and international growth (target 22.5%, with a range of 10% to 40%); global real estate (target 0%, with a range from 0% to
      15%); emerging markets (target 7.5%, with a range from 0% to 15%). The fixed income portion includes bonds (target 38%,
      with a range of 20% to 50%) and cash equivalents (target 2%, with a range of 0% to 15%).

       Primary Risks: The Fund has significant exposure to Market Risk, Foreign Risk and Currency Risk. For specific
          definitions/explanations of these types of risks, and other risks of investing in this fund please see the prospectus for this
          Fund. The prospectus can be found on the Nolan website under the “Funds” tab. Click on the fund name and then click
          on Prospectus under “Filings”, or you can request a copy by calling Nolan at 888 907-8633.

       Manager: Delaware Management Company, a series of Delaware Management Business Trust, which is a subsidiary of
          Delaware Management Holdings, Inc. (“DMHI”). DMHI is a subsidiary of Macquarie Group.

       Expense: 0.90%. The Fund’s investment manager has contracted to waive all or a portion of its investment advisory fees
          and or/reimburse expenses through January 28, 2013 in order to prevent total annual fund operating expenses from
          exceeding, in an aggregate amount, 0.90% of the Fund’s average daily net assets. The estimated total annual fund
          operating expenses without the waiver is 1.01%.


Delaware Foundation ® Growth Allocation Fund (Mutual Fund)
      Investment Objectives: The Fund seeks long-term capital growth. The benchmark for this Fund is the S&P 500 Index.

       Investment Strategies: The Fund invests in a combination of underlying securities representing a variety of asset classes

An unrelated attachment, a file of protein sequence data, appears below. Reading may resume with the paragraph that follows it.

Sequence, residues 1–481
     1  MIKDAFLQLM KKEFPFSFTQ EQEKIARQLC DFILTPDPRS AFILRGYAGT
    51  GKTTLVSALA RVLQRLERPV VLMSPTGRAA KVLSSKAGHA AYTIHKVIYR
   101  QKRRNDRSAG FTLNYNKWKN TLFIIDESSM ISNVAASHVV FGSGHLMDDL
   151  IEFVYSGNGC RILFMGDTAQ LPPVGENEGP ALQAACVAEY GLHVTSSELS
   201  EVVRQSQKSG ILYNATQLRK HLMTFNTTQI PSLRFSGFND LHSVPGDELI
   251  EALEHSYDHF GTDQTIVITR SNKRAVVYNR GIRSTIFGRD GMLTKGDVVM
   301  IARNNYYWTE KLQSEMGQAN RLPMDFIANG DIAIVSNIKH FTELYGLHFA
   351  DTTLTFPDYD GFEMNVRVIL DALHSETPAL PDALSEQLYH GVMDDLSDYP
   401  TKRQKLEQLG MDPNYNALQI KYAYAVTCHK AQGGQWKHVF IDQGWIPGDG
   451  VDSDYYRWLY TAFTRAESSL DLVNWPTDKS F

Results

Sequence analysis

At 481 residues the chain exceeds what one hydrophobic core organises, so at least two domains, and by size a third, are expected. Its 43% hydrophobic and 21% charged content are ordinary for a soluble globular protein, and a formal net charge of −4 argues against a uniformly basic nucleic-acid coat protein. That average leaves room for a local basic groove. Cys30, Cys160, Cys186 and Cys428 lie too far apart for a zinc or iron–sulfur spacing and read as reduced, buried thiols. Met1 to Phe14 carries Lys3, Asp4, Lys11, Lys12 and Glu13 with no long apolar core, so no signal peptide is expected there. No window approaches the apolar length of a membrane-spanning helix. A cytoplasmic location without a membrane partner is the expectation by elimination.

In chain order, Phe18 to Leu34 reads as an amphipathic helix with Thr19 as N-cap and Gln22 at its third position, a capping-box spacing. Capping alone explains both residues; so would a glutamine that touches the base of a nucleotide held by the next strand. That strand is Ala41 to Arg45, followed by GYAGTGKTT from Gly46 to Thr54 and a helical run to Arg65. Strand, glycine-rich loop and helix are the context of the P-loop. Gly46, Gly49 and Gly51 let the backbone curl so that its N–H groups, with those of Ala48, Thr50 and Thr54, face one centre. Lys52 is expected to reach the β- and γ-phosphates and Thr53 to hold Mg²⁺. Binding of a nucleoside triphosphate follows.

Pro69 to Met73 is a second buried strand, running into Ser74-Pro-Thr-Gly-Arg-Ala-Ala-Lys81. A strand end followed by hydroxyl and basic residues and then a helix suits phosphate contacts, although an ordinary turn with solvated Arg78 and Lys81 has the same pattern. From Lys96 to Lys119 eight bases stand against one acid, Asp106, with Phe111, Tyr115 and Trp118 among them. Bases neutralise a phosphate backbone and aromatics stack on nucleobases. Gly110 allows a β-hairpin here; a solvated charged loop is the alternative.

and investment styles, using an active allocation approach. The Fund typically targets about 80% of its net assets in equity
          securities (with a range of 55% to 90%), and 20% of its net assets in fixed income securities (with a range of 10% to
          45%). The following provides the target percentages of the Fund’s net assets in each style of underlying equity securities:
          U.S. equity, such as U.S. large cap core, U.S. large cap growth, U.S. large cap value, U.S. small cap core (target 40%, with
          a range of 15% to 50%); international equity, such as international value and international growth (target 30%, with a
          range of 15% to 50%); global real estate (target 0%, with a range from 0% to 20%); and emerging markets (target 10%,
          with a range from 0% to 20%). The fixed income portion (target 20%, with a range from 10%-45%) includes bonds
          (target 18%, with a range of 10% to 40%) and cash equivalents (target 2%, with a range of 0% to 10%).

       Primary Risks: The Fund has significant exposure to Market Risk, Small Company Risk, Foreign Risk and Currency
          Risk. For specific definitions/explanations of these types of risks and other risks of investing in this fund, please see the